“They took the body of Jesus and wrapped it with the spices in linen cloths” (v. 40).
That hour just after the death of a loved one is a holy hour.
It is so different from the desperate final hours of life. The frantic response to the fatal illness, the desperate medical attempts to fix it, the urgent calls and texts, the squabbling with relatives and doctors, the hell of seeing the loved one’s final labor.
Then, when it’s over—when the loved one is released from her struggle, there is that holy quiet. Just memories and gratitude, a washing over of gratitude at having loved and been loved by this person. Forgiveness—no squabbles now. Courage—nothing can hurt me now. Peace. Love overflowing.
I like to imagine that it was in this state that Joseph of Arimathea and Nicodemus looked upon Jesus’ finally-still body. They had stood the entire vigil. They had agonized with Jesus through the whole unjust thing. Then, in the holy quiet surrounding his death, both these secret disciples found the courage to step out of the shadows, determined to love and honor the man, at least in death. Joseph “outted” himself by asking Pilate’s permission for the body. Nicodemus joined him, providing a hundred pounds of myrrh and aloes. Maybe they had servants assisting, but the story says these presumably wealthy and powerful men personally wrapped Jesus’ body with the spices, according to the burial customs of the Jews, and laid him in a brand new tomb, like royalty.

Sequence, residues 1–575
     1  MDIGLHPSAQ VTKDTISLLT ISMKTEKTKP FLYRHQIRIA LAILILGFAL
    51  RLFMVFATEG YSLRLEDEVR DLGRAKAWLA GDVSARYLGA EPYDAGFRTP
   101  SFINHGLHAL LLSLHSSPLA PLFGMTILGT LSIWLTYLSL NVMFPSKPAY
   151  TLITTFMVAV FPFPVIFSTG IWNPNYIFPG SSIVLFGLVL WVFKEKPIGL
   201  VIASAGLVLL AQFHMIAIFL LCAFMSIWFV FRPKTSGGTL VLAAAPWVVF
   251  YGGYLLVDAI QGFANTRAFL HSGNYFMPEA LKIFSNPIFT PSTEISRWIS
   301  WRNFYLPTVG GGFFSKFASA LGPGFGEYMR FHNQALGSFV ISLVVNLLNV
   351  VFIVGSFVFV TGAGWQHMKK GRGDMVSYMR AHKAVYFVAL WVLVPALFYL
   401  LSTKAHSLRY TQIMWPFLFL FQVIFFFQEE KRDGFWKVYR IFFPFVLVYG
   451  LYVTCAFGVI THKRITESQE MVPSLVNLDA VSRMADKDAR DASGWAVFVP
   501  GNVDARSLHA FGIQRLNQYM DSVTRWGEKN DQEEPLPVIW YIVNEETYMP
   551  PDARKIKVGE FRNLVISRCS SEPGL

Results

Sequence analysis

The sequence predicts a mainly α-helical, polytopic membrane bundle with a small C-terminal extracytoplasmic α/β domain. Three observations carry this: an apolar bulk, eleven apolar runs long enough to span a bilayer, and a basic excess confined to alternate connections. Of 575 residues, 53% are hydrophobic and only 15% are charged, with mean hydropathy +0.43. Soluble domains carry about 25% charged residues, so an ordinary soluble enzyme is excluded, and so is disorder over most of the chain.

That blessed state of humility, bravery, clarity, honor and love—they had it in that holy hour. God bless us with the grace to live in that state every hour.
Here might I stay and sing—no story so divine! Never was love, dear King, never was grief like thine. This is my friend, in whose sweet praise I all my days could gladly spend; I all my days could gladly spend. Amen.